This is an upper-level mathematics course which will look
at some fairly recent results in dynamical theory,
motivated by computational work, namely
chaos, fractals, and all that. We will use the computer
to explore and analyze these systems, as well as traditional
pencil and paper methods. If you don't already have some
familiarity with computers and numerical methods, then you''ll learn as
we go along.
- Tu Thurs 10:00 - 11:30
- SciBldg 216
- Alligood et al's
Chaos: an Introduction to Dynamical Systems
Much of my PhD work was done in this field, and it's all stuff
that I'm looking forward to doing again. Loads of fun.
My rough plan is to follow the authors suggestion, namely
to spend the first half of the term on difference equations,
in chapters 1-6, and the second half on differential equations,
in chapters 7-9. Although we may start up a bit slowly to
get everyone up to speed on the computers, we will be covering
roughly one chapter per week in this class once we get going.
Since this is a math course, expect to see some assignments
with the word "proof" floating around, and discussions of
just what a "proof" is - and not just "find the answer" kinds
- for Tue Jan 27
- Read chapter 1, on one-dimensional maps and the Logistic Map
- Check out your computer/numerical skills with the following exercises:
(You can see a NumberCrunch version of these on the Mac file server at Server:Messages:Jim's Stuff:assign_1 )
- Plot a graph of the function y = sin(x)/x for -10 < x < 10.
- Solve the following equation: tan(x) = 0.3 x^2
- Find and sketch the intersection of the surface z=sin(x^2+y^2) and the plane x+y+z=0.
- Find the 100'th Fibonnaci number.
- Find the 100'th prime number.
- for Tue Feb 2
- Finish your study of chapter 1.
- Do problems T1.3, Experiment 1.2, T1.6, T1.9, T1.16, 1.3, and either 1.13 or 1.8.
- for Tue Feb 9
- Finish reading chapter 2, on two dimensional maps.
- Look at T2.4, work through Example 2.13 and try to replicate what
they do in the text for yourself, and take a whack at T2.5 and T2.7.
We'll talk more about the Henon map and forced, damped pendulum on Tuesday.
- for Tue Feb 16
- Really finish reading chapter 2, on two dimensional maps.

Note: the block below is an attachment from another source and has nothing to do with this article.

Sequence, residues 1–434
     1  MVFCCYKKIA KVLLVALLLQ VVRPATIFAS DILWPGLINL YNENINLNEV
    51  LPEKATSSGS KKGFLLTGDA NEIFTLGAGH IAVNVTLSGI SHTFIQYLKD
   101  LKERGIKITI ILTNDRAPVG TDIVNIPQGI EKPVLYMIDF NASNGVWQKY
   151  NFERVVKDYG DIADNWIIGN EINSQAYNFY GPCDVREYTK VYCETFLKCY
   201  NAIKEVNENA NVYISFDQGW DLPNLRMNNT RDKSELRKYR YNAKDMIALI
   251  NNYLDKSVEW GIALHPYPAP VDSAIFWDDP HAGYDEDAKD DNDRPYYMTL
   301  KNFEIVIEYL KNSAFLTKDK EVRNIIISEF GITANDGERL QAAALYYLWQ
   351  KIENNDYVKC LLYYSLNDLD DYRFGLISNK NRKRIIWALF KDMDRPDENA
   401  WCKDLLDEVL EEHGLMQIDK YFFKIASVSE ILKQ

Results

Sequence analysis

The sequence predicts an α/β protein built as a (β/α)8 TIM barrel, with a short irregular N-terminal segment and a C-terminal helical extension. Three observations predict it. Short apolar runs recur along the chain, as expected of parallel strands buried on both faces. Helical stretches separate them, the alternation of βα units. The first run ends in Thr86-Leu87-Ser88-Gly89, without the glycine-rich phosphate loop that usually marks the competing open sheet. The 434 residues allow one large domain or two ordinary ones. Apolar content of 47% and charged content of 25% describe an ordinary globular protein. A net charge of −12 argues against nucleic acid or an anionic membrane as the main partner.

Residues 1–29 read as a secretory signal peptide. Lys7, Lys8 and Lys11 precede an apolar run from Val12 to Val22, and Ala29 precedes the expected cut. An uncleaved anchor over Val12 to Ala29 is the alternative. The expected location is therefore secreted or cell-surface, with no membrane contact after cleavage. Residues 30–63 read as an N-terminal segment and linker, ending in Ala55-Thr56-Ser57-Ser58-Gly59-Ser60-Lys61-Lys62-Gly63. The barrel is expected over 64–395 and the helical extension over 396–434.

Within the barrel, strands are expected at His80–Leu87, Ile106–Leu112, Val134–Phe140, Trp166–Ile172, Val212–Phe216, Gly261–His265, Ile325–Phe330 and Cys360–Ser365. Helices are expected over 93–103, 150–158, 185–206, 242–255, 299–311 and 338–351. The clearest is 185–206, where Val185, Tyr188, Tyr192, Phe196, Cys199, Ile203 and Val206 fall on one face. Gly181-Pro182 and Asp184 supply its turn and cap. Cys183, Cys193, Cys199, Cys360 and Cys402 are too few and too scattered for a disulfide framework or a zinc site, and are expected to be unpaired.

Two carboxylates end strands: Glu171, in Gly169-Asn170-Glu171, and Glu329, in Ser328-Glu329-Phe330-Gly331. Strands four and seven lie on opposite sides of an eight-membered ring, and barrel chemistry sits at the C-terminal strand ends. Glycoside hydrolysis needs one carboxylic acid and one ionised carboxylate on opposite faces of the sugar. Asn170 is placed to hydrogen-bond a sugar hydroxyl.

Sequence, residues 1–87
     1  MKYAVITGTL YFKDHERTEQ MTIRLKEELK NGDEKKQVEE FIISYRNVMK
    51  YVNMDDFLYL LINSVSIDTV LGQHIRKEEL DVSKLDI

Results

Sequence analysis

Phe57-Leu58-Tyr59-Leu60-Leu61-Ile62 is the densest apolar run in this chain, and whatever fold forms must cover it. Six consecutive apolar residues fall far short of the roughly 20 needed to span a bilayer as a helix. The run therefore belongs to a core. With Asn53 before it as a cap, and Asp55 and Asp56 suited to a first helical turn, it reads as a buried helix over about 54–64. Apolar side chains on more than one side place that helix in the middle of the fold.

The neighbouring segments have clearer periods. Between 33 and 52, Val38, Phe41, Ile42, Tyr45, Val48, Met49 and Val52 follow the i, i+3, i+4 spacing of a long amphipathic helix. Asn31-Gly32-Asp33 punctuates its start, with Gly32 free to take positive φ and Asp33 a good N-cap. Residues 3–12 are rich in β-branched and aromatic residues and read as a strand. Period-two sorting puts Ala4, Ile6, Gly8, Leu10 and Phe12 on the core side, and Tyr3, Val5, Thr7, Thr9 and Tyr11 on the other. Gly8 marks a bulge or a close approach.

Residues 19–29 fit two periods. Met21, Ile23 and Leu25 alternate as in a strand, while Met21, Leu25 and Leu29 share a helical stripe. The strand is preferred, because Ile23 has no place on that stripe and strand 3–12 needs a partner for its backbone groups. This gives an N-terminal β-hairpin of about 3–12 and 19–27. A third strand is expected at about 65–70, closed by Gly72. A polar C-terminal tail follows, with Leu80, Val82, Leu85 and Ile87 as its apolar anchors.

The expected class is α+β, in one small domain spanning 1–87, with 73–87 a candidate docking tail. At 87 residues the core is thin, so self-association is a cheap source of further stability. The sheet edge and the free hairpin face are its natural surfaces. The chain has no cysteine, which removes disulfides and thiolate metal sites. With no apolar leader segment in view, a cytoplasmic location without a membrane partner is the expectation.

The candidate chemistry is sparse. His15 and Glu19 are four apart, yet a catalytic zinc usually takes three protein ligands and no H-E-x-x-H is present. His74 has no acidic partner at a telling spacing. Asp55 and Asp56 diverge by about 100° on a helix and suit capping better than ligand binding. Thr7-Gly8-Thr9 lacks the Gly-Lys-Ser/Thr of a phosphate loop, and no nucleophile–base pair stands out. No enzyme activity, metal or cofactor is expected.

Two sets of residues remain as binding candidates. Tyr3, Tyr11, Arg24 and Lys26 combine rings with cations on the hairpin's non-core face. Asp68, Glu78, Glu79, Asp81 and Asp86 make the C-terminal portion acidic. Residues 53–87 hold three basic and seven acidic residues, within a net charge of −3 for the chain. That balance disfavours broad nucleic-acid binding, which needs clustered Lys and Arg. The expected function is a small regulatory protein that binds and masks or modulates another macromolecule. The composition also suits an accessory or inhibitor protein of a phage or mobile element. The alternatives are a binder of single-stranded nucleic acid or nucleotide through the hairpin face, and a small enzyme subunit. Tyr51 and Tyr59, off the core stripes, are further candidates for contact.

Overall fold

- Play around with Computer Experiment 2.2
(Here's Jim's C program.)
- Try exercises 2.1, 2.5, 2.8
- Start reading Chap 3, especially 3.1 on Lyaponov exponents.
- Do T3.2 & Computer Exp. 3.1.
(See the NumberCrunch file Lyaponov_Chap3.1 in "Jim's Stuff")
- for Tue Feb 24
- Finish chapter 3.
- Try T3.13, 3.1, 3.4, 3.7, and
- explain the argument on pg 123 that proves the existance of
dense chaotic orbits.
- for Tue Mar 3
Choose one of the following topics and submit a full, formal
solution. This is for a grade, guys.
- In a numerical and analytic examination of the Logistic
family of 1-dimensional maps, x -> a x (1-x), look at both (a)
the period-3 to period-6 bifurcation point between a=3.82 and a=3.86
as well as (b) the a=4.0 map, and show examples of orbits
which behave as (1) a source, (2) a sink (and describe its basin),
(3) chaotically, and (4) eventually periodic, and (5) a period doubling transition (i.e. a 3-orbit which changes to a 6-orbit).
In each case, find the Lyaponov exponent
as well as numerically calculated examples and discuss what's going
on and how you can tell.
- Do the Challange 1 from chapter 1, namely follow the text's
recipe to show that a period-3 orbit implies chaotic orbits.
- In a numerical and analytic examination of the 2-dimensional
Henon map with b=0.4 and a>0.85, find examples of
orbits which behave as (1) sources, (2) sinks, and (3) saddles,
(4) chaotically, and (5) any other types you know of.
In each case calculate the Jacobian and describe its
significance, show the orbit explicitly, and discuss
their basins and any stable and/or unstable manifolds.
- Do the Challange 2 from chapter 2, namely follow the text's
recipe to examine the Cat map and show how it is related
to the Fibonnacci series.
- for Tue Mar 3
- Read chapter 5, on two-dimensional Lyap exponents and the Horseshoe map.
- Check out my Lyap program.
- chapter 6
- T6.2, Computer Exp. 6.2, T6.9
- chapter 7,8
- chapter 9
- T9.2, Ex 9.1, 9.2, Comp Exp 9.3 (with ode)
- Final Project - no later than May 11
Do one of the following three:
- Explain the intuition and proof of the Poincare-Bendixson Theorem (chap 8).
- Analyze the following diff eq in these ranges:
- x'' = -a x - b x' + alpha x y
y'' = -c y - e y' + beta x^2 y^2
- (a) For alpha=beta=b=e=0, a=3, c=4, find a periodic orbit and explain
the dynamics of the system.
- (b) For a=3, c=4, b=e=0.2, alpha=beta=0, again explain the dynamics.
- (c) Find a chaotic trajectory when alpha and beta are not zero. Discuss.
- (d) Find a Lyap. Function for (a), (b), and discuss briefly.
- Write and run a program to calculate Feigenbaum's number in the
map X[n+1] = a X[n] (1 - X[n]).
Note that you have a variety of computer tools available on campus,
as we will discuss in class, including:
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